A hostile act


Joan Didion has always been one of my favorite writers because I’ve always so easily found myself in much of what she’s written. The following quote being a good example of that:

I write entirely to find out what I’m thinking, what I’m looking at, what I see and what it means. What I want and what I fear.

Most writers don’t sit down knowing what they’re going to write. They write to figure it out.  And in doing so hope to achieve some kind of forward momentum, however small. Each attempt at writing is a step on the path of discovery and clarity.

But there is also another reason I am a fan of Didion’s. Because of one specific idea she wrote in a New York Times Book Review in 1976. She writes,

In many ways writing is the act of saying I, of imposing oneself upon other people, of saying listen to me, see it my way, change your mind. It’s an aggressive, even a hostile act. You can disguise its qualifiers and tentative subjunctives, with ellipses and evasions—with the whole manner of intimating rather than claiming, of alluding rather than stating—but there’s no getting around the fact that setting words on paper is the tactic of a secret bully, an invasion, an imposition of the writer’s sensibility on the reader’s most private space.

I’m pretty sure that truer words have never been put to paper. And I’m pretty sure that what I wrote earlier this week demonstrated this idea in a truly epic fashion.


There are many ways to gauge the quality of a piece of writing. By how many people read it. By how many people were moved by it. By how many people were angered by it. By its originality or clarity.

But perhaps the simplest way to measure the quality of a piece of writing is by how the writer feels after writing it. And when I apply that barometer to the blog post I wrote earlier this week, I can confidently say that it’s probably the worst piece of writing I’ve produced to date.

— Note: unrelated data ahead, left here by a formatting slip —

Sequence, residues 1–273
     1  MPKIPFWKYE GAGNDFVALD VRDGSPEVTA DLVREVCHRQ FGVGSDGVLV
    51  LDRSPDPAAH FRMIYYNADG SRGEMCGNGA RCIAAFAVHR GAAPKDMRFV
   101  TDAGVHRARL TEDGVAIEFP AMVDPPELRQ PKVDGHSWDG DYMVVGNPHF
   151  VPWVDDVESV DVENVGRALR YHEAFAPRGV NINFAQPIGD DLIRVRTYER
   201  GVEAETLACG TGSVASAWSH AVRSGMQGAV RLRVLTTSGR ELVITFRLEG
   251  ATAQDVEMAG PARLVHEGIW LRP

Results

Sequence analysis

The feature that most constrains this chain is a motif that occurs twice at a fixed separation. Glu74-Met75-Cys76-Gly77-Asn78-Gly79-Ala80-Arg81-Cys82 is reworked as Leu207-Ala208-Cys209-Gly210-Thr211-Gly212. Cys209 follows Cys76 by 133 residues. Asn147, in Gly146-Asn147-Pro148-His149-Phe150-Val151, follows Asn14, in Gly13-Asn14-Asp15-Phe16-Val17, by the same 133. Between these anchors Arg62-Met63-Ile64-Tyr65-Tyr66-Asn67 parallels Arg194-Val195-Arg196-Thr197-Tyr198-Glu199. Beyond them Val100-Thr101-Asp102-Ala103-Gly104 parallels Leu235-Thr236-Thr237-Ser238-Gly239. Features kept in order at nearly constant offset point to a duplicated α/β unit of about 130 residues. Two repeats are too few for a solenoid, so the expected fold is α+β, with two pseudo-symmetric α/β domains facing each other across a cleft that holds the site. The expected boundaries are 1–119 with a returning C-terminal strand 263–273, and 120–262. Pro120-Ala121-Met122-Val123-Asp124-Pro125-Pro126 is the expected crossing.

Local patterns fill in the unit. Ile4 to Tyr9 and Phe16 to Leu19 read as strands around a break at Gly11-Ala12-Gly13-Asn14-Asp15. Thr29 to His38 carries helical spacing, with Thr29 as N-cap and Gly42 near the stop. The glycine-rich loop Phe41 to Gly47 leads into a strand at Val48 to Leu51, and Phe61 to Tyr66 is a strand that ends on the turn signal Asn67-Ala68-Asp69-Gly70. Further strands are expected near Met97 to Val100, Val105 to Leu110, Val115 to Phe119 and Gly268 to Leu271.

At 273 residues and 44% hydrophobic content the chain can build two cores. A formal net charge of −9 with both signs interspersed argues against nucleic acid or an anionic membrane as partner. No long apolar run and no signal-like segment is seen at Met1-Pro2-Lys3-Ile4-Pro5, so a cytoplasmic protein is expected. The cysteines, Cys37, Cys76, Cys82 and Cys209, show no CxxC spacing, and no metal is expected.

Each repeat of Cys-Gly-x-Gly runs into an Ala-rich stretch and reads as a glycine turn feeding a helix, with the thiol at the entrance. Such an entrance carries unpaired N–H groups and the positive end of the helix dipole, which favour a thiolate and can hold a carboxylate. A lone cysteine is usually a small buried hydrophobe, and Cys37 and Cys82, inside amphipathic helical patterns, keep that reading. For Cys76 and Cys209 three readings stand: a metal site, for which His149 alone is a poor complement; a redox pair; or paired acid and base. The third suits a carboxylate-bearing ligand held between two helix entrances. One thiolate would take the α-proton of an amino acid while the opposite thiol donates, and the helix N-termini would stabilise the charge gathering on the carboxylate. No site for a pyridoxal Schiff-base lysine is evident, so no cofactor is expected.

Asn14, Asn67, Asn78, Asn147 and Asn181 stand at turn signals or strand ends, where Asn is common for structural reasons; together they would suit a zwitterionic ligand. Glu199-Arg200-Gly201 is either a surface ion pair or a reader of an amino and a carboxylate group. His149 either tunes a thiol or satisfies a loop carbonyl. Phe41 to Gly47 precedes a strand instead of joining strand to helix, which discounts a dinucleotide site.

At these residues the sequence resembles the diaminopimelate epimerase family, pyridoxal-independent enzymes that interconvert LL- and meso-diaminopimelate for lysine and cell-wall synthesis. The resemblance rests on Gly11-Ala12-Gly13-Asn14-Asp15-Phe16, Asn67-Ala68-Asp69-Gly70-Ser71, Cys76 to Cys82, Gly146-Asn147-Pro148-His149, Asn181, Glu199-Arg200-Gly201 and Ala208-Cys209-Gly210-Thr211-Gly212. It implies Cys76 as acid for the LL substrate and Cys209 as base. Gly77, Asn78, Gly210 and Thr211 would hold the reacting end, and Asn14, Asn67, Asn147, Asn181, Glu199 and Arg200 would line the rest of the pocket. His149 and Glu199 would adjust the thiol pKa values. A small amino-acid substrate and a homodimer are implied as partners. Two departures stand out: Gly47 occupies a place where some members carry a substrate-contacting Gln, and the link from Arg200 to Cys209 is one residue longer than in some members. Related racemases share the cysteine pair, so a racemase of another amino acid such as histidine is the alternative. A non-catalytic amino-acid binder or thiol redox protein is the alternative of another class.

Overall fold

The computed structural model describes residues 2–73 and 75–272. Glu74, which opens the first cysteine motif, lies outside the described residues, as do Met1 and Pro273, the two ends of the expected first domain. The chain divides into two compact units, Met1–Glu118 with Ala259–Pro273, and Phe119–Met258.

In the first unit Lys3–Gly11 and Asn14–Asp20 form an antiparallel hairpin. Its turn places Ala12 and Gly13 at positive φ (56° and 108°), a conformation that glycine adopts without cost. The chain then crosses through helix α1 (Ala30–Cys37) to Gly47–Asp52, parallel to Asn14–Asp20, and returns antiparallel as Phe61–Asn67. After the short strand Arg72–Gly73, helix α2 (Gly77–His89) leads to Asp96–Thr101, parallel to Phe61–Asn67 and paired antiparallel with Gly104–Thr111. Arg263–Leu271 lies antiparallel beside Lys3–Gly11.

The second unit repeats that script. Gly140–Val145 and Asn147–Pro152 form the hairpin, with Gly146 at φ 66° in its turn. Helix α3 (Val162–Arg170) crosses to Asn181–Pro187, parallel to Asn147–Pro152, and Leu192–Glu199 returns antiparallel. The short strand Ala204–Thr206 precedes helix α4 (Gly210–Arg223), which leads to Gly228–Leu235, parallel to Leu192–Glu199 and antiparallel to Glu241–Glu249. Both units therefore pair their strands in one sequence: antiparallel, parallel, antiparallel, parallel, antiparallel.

I certainly stand by what I wrote, but the fact remains that I regret writing it. And I have regretted it since the second I clicked “Publish.” For lack of a better description, I’ve felt like I needed a shower ever since I wrote it. Publishing it should have provided me with a sense of release, a sense of purpose and a sense of closure, at least for that small moment in time. But it did not. Which means I may have needed to write it, but it should never have been shared publicly.

Because the fact of the matter is that we do desperately need more critical literacy in the field of animal welfare. We need to find ways to create critical consumers of information who produce and process information for what it is, rather than blindly clicking Like or Share or Commenting, and tossing up a Facebook post based on emotion and ego. I’m as guilty of this as anybody. We’ve all made these mistakes, and we continue to make them.


But my post did two things, neither of which I am likely to live down anytime soon: 1) It caused additional grief in a space where there was already plenty of grief to be had, and 2) It wasted a golden opportunity to add something productive to the conversation, and to really dig into how we might help our field develop some of those critical reading and thinking skills.

I could have done justice to the issue of language and how we frame particular ideas for others using any number of other appropriate texts. The recent Esquire article on pit bulls, for example, would have been a great one to use since it may actually be one of the more counterproductive texts ever written on pit bulls.

But instead, I chose to tackle the issue using the most radioactive example of text I could find, because I was angry. I chose to fight fire with fire and managed to burn down half the neighborhood in doing so.


One person who read what I wrote actually made the comment that they “kept reading and reading trying to find the spot where I would say which camp I was in” and that they were disappointed that I never did. That is perhaps another major indicator of what a poor piece of writing this really was: That one of my readers so profoundly failed to understand what it was that I wrote.